Smith also remembered running into the “bog” next to town to survey a freshly downed German fighter plane. “We were trying to get some Perspex (Plexiglas),” he said. “It was worth something.”
Arthur’s mother-in-law had a very different experience in the small town of Americus, Georgia. Growing up, there were always “half-rubber” games in the streets with a broomstick as a bat and people listening to baseball on the radio, but that all changed in December of ’45.
“Things got pretty quiet,” ninety-four year old Sybil Crawford said of life in her town when the country went to war. “They still had high school sports but all of the boys went off to fight,” she added this week. “It stayed pretty quiet until the British boys showed up.” British aviators were learning to fly at the Souther Field training base nearby.
As a young teenager in Grove City, PA, former PGA Tour Director of Information Tom Place remembers very well when US citizens who were staying home were asked to do their part.
“There were rations on gasoline and just about everything else,” Place, who was born in 1927, said from his home in Ponte Vedra this week. “We had Oleo instead of butter. You didn’t think much about it, you just did it.”
Gasoline was rationed with “A,” “B,” and “C” cards depending on what people needed at the time. The “A” card was for business owners and down to the “C” cards for general use
“A couple of my pals had a car we called the “hunk of junk,” an old Studebaker,” he remembered. “My friend Rick worked at a dairy farm so he had an “A” coupon for gas. He’d stick that in the window and we’d fill up. Just kids acting like kids.”
Place heard about Pearl Harbor when he and some friends were headed to the store to buy some more BB’s to play with in the fields around Grove City. He had two older brothers who went to serve but at home he was doing his part.
“I was a ‘messenger’ with the rest of the kids when we’d practice for possible air raids,” Place said. “There was a diesel engine plant close by that we thought could be a possible target. They’d blow the siren and everybody would head to the basement of one of the two banks downtown. I even had an armband.”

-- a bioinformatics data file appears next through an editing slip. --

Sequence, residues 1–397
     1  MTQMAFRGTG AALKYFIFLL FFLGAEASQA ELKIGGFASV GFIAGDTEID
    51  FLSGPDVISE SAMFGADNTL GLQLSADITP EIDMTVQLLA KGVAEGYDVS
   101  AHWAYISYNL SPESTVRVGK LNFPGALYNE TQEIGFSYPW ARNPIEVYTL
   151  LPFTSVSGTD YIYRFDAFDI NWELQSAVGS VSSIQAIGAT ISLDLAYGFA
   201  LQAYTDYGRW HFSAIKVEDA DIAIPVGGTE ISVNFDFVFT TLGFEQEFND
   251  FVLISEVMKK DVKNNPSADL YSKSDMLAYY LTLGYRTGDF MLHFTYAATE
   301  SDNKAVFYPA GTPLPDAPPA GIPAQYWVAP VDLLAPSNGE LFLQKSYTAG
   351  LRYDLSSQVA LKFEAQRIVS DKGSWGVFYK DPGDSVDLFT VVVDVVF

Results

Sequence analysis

Keeping some sense of normalcy, Place remained a big sports fan as a teenager during the war, listening to the Pirates on the radio and said he ‘vaguely” remembered when they called off the Masters and the other golf majors in ’43. “There wasn’t much going on,” he said. He also remembered listening when the Steelers and the Eagles merged to form the “Steagles” to keep playing in the shrunken eight-team NFL in 1943.
Anxious to join the war effort, he enlisted in the Marines when he turned 18 in 1945 and went to basic training at Parris Island and then to Camp Lejeune in California.
“They told us from the start we were going to the invasion of Japan and it would be tough,” Place said of his days as a young Marine. “I was at Camp Lejeune when President Truman dropped the bomb and probably saved my life,” he recalled.
“I was on a train on my way to Des Moines as a 15 year old to play a tournament,” Trabert remembered, from his Ponte Vedra home. “I saw a bunch of people jumping up and down on a street corner. I asked the conductor when he came by what all the commotion was about and he said it was V-E day.”
While it took some time, things eventually got back to normal. Sam Snead went to Scotland the year after the war in 1946 and won The Open Championship at St. Andrews, beating Bobby Locke by four shots. George Halas returned from the Navy to coach the Bears that same year to the NFL Championship and the LA Rams became the league’s first West Coast team. Ted Williams was back in a Red Sox uniform from the Marines and was the American League MVP leading Boston to the AL Pennant. Stan Musial also came back from the Navy in ‘46 and was the NL MVP. The Cardinals won the World Series in seven games.
So it might take some time, but we’ll get back to normal. For now, let’s just do our part.